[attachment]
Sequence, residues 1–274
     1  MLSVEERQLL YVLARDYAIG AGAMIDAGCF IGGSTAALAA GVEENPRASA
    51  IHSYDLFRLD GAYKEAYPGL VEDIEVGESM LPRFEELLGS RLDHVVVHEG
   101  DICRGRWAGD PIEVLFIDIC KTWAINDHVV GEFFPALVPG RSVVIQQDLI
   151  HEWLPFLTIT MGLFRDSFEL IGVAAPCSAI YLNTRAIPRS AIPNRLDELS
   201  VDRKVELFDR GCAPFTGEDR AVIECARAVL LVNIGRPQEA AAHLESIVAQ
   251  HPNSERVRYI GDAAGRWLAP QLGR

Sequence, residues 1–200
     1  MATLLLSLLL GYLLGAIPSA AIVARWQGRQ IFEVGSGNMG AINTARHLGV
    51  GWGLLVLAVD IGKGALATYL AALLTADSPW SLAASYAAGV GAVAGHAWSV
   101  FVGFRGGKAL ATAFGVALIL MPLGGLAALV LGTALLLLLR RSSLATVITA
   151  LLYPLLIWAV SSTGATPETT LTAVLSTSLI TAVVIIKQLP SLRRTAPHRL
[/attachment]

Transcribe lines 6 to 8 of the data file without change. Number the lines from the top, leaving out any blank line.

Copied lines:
   201  VDRKVELFDR GCAPFTGEDR AVIECARAVL LVNIGRPQEA AAHLESIVAQ
   251  HPNSERVRYI GDAAGRWLAP QLGR

Sequence, residues 1–200